A parliamentary petition calling on the Government to make 'netting' hedgerows to prevent birds from nesting a criminal offence had over 350,000 signatures by 2 May 2019.Jump to full report >>
The petition is a response to recent reports in the press on the use of nets by developers to prevent birds nesting in or near development sites. There have been articles in a number of publications including The Guardian and the BBC, which includes an interactive map of where nets have been reported.
The existing legislation means that it is an offence to destroy or damage any bird nest that is being used or being built.These restrictions have resulted in developers using nets to cover hedgerows and trees in and around their sites before any nesting activity begins, as this could stop or restrict building during the summer months.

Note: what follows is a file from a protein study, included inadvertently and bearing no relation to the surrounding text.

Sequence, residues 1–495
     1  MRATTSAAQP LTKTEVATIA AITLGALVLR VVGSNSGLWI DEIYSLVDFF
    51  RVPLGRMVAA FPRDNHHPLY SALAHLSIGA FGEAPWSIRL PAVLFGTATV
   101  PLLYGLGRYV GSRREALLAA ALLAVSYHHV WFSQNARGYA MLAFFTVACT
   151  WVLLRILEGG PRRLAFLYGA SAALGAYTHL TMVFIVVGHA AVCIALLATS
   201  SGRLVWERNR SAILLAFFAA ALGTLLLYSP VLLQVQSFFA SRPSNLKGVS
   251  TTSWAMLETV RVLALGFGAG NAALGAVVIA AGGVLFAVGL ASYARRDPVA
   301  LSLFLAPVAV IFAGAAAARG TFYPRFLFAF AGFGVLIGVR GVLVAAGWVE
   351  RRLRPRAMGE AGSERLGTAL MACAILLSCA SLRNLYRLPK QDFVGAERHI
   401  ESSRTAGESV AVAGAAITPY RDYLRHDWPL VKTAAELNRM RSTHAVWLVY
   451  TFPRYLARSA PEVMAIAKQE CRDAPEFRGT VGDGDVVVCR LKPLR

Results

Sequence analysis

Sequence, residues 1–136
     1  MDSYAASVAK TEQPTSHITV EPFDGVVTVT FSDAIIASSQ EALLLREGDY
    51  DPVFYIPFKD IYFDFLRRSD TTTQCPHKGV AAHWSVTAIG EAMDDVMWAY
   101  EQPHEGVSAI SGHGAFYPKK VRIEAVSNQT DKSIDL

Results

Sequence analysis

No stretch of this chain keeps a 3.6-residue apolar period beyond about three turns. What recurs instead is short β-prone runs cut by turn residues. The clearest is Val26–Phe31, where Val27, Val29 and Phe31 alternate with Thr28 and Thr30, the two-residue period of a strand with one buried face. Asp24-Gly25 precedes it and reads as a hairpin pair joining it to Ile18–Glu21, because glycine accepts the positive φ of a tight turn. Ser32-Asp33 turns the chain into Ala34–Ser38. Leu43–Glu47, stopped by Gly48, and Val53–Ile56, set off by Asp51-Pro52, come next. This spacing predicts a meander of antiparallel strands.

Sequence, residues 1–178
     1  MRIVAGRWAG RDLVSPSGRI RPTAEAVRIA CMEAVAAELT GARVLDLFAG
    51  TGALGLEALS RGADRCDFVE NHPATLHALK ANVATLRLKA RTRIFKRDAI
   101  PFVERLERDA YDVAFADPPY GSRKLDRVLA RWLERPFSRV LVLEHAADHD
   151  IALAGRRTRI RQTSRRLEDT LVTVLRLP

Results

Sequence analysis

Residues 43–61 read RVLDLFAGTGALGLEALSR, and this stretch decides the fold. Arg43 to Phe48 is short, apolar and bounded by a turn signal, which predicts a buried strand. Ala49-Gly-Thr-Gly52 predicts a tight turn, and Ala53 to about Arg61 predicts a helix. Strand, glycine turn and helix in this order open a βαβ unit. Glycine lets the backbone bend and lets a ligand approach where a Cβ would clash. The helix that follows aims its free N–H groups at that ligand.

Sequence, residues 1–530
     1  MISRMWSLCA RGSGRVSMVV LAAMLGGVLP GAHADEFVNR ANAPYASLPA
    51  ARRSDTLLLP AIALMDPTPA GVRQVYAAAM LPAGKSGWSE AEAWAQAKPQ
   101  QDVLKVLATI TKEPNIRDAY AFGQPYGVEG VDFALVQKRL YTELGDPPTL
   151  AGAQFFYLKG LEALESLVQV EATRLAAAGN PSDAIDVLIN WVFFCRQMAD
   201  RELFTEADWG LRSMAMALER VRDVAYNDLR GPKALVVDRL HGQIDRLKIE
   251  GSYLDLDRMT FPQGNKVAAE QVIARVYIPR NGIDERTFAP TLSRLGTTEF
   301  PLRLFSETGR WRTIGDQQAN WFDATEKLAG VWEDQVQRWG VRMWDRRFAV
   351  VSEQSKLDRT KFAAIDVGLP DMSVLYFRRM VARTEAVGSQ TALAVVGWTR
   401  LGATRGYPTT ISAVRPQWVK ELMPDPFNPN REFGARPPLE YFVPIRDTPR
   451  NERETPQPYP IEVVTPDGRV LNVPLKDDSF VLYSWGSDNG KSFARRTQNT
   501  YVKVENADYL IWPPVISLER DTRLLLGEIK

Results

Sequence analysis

According to the Woodland Trust hedgerows are the most widespread semi-natural habitat in the UK and support a large diversity of flora and fauna.
In response the reports, Natural England set out that there is no specific regulation of the use of netting, but that developers must comply with the Wildlife and Countryside Act 1981 and any planning requirements.
The Government has provided a written response, setting out that the Minister had written to developers to remind them that they “must fulfil their obligation to safeguard local wildlife and habitats” and that “netting trees and hedgerows is only appropriate where genuinely needed to protect birds from harm during development”.
Commons Briefing papers CBP-8558
Authors: Elena Ares; Gabrielle Garton Grimwood